“If you look at that section, it talks about the appointments that the president can make. They include appointments of ministers, ambassadors and heads of agencies such as the EFCC. In that same section 171, the constitution rightly said that certain appointments must go to the Senate such as ministerial and ambassadorial appointments. Those of heads of agencies like the EFCC do not have to go to the Senate. That’s what the constitution says. But the EFCC Act, which of course as you know is inferior, says that EFCC chairman should go to the Senate for confirmation”.

However, responding vide a resolution upon a motion sponsored by its Minority Leader, Hon. Leo Ogor, the House of Representatives described Osinbajo’s assertion as “an imminent threat to, and the erosion of the doctrine of separation of powers in our democratic practice”.

The Senate, on its part, took the view that the EFCC was not an extra-ministerial department, but a creation of an Act of the National Assembly. It also dismissed the powers of the Presidency to retain Magu in acting capacity, noting that once Section 2(3) of the EFCC (Establishment) Act, which requires the confirmation of the chairman and members of EFCC by the Senate was activated by sending Magu’s name for confirmation, his tenure as Acting Chairman automatically terminated upon his rejection by the Senate.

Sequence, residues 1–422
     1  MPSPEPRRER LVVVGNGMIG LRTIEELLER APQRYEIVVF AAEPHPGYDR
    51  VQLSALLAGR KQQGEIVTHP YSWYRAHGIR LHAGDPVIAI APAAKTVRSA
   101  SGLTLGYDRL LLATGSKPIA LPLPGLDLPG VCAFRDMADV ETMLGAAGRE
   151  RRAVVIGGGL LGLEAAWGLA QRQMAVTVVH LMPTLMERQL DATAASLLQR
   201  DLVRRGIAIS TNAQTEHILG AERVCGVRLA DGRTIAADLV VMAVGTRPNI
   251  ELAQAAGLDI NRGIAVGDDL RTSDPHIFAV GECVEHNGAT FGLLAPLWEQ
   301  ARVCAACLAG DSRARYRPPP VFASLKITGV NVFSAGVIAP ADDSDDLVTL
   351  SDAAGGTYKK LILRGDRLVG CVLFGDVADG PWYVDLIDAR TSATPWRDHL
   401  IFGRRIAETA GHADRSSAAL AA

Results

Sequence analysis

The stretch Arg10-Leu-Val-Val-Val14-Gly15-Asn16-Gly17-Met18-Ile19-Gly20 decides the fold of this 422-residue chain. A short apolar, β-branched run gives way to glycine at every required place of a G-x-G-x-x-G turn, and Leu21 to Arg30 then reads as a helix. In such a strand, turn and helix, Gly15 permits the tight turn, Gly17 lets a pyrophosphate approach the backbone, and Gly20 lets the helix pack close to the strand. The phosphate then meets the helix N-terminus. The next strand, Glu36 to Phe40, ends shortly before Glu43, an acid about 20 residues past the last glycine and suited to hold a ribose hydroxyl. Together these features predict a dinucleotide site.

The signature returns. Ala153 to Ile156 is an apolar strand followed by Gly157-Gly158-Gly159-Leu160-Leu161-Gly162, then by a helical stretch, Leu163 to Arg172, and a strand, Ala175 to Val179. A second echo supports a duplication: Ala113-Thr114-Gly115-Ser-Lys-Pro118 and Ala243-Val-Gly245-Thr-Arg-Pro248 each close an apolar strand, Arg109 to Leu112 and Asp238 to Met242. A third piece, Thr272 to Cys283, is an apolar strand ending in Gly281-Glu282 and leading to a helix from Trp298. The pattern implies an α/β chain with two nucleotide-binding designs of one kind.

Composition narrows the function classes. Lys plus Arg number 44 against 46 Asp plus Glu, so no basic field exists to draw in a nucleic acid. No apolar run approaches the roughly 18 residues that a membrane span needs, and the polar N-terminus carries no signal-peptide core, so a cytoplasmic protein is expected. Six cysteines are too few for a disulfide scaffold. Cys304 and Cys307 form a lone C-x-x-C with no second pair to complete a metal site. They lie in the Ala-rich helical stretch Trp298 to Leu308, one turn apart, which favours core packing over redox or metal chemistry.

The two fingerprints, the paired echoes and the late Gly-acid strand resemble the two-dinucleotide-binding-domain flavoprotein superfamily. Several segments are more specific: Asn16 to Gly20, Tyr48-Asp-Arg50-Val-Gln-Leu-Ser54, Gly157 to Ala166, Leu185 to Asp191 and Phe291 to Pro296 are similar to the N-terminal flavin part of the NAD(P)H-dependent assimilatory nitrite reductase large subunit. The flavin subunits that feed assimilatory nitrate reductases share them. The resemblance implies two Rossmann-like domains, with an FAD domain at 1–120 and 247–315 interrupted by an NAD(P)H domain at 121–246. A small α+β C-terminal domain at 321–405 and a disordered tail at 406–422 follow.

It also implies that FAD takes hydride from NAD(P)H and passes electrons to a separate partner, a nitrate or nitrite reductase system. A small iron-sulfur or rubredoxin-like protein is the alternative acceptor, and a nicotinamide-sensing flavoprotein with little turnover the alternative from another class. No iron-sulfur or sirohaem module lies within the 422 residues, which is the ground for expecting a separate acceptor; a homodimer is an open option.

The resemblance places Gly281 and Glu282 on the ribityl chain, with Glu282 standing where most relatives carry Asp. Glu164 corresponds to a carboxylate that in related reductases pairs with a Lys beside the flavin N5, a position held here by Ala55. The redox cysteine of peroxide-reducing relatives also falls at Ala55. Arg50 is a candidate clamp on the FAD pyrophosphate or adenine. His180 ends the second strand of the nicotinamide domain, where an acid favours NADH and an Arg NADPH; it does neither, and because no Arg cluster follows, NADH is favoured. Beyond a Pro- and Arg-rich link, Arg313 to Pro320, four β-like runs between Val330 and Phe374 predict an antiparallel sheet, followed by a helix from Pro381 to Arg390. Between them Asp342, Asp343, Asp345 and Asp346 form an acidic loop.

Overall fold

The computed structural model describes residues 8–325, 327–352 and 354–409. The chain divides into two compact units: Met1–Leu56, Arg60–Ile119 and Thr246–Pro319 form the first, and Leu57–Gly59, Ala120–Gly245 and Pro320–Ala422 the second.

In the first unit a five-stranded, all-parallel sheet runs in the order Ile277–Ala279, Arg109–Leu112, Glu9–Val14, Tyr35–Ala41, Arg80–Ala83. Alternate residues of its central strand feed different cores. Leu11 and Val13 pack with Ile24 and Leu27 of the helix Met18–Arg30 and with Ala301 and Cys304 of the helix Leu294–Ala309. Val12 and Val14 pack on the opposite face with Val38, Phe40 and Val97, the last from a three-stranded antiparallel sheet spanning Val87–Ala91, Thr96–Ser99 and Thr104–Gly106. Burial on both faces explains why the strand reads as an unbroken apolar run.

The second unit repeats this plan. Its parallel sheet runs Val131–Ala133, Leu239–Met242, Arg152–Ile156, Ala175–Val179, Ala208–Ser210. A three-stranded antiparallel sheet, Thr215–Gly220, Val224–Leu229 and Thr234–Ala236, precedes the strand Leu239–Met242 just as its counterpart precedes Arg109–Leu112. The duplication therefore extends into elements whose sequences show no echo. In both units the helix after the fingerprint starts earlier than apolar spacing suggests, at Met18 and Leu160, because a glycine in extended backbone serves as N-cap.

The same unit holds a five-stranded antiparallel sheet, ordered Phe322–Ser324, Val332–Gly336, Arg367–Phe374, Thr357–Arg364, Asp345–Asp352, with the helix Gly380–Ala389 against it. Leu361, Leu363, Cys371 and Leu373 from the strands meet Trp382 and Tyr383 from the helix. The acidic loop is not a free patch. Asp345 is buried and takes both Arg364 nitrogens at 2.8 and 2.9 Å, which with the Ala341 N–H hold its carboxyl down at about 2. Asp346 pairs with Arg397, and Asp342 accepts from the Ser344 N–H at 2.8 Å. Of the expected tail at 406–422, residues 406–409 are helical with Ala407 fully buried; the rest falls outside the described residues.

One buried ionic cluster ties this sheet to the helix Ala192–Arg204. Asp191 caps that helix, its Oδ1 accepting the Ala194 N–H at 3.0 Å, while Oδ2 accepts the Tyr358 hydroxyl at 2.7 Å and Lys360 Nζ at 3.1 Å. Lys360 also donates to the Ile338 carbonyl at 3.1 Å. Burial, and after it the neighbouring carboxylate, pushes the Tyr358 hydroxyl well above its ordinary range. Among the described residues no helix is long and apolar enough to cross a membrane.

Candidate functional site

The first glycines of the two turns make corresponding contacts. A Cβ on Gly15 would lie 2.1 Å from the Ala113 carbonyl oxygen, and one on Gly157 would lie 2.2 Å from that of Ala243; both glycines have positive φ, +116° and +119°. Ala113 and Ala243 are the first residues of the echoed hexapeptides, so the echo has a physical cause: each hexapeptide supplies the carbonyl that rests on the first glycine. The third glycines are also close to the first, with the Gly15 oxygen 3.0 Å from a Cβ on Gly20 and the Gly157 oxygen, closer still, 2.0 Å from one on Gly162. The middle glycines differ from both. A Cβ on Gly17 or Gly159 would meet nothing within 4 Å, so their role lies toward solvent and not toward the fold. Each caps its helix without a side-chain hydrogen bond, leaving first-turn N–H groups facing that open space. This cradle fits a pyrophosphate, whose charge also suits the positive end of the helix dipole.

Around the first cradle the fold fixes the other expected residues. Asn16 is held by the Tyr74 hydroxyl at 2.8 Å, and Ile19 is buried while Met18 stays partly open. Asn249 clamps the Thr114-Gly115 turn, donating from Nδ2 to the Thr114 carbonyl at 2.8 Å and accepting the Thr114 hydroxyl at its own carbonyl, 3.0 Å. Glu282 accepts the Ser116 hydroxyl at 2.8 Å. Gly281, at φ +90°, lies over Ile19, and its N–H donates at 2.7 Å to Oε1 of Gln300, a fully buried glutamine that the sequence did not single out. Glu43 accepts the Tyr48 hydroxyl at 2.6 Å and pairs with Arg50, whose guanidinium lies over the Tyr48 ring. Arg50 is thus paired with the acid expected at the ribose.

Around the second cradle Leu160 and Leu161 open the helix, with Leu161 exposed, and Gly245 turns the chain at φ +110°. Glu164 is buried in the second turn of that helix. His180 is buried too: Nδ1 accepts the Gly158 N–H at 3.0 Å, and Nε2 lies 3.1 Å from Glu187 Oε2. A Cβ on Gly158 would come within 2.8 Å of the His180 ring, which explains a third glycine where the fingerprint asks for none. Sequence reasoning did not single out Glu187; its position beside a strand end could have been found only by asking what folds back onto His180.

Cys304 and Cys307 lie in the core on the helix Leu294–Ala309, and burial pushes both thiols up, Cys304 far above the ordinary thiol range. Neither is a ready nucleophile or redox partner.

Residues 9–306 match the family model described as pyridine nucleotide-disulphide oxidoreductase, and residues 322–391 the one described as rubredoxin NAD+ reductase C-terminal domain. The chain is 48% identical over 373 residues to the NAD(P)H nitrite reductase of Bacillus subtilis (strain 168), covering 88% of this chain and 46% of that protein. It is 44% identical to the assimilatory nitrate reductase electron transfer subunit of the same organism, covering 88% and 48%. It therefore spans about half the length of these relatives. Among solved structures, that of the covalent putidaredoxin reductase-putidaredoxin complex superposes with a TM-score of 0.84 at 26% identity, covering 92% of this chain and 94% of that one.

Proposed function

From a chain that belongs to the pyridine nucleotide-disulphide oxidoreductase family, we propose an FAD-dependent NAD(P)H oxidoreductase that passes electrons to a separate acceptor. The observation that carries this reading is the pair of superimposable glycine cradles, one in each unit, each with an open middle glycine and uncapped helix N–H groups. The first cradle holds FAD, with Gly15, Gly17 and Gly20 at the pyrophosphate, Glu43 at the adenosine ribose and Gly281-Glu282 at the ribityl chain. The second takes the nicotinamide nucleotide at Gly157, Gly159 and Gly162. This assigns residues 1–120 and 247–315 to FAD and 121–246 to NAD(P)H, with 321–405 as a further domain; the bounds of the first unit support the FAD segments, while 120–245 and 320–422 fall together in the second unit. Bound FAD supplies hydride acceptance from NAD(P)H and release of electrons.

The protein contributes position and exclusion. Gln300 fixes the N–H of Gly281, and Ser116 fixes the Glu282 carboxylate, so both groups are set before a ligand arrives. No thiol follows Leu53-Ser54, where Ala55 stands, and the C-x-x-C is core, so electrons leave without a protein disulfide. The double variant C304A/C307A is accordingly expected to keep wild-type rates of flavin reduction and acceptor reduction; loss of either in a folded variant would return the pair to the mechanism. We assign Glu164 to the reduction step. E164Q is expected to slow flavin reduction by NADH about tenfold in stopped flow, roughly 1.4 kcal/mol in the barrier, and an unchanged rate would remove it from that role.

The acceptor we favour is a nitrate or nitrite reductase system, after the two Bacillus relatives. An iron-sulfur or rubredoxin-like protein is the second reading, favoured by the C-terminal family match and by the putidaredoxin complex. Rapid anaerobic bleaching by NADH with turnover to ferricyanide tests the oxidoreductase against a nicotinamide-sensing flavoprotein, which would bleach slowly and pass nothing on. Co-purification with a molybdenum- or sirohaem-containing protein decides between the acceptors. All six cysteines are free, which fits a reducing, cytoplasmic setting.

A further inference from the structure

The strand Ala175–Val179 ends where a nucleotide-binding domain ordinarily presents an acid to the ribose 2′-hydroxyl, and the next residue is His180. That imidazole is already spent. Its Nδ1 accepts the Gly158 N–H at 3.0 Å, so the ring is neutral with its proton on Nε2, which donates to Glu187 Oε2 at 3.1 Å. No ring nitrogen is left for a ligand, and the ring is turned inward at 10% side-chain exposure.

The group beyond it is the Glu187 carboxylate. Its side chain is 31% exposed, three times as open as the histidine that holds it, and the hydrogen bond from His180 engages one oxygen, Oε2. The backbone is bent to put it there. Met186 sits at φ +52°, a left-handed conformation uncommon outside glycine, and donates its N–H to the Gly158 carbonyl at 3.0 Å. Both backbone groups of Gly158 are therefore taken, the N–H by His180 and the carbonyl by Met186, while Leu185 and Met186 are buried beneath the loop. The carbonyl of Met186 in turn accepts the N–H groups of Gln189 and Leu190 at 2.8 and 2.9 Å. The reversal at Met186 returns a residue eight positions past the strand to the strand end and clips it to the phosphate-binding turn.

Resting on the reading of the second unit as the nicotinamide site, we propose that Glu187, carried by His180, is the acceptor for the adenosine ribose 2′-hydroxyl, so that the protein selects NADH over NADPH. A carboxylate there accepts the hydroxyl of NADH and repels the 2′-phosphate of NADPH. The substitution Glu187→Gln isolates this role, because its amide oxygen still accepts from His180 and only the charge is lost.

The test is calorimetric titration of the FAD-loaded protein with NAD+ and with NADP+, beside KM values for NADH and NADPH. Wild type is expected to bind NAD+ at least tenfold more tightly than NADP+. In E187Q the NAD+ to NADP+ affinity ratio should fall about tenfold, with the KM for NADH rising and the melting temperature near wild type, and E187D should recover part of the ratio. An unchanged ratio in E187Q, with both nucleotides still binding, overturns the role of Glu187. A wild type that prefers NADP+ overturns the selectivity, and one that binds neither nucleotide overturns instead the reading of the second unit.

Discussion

The Senate, therefore, not only requested the Presidency to sack Magu, but also went further to suspend the confirmation of nominees of the executive not expressly listed in the constitution until Osinbajo retracted his statement on Senate’s power to confirm such appointments.

To press home its point, the Senate declined to honour the request by the then Acting President to confirm appointment of Mr. Lanre Gbajabiamila as the Director-General (DG) of the National Lottery Commission (NLC). It accused the Presidency of contradicting itself because like the EFCC, the NLC is not listed in the constitution.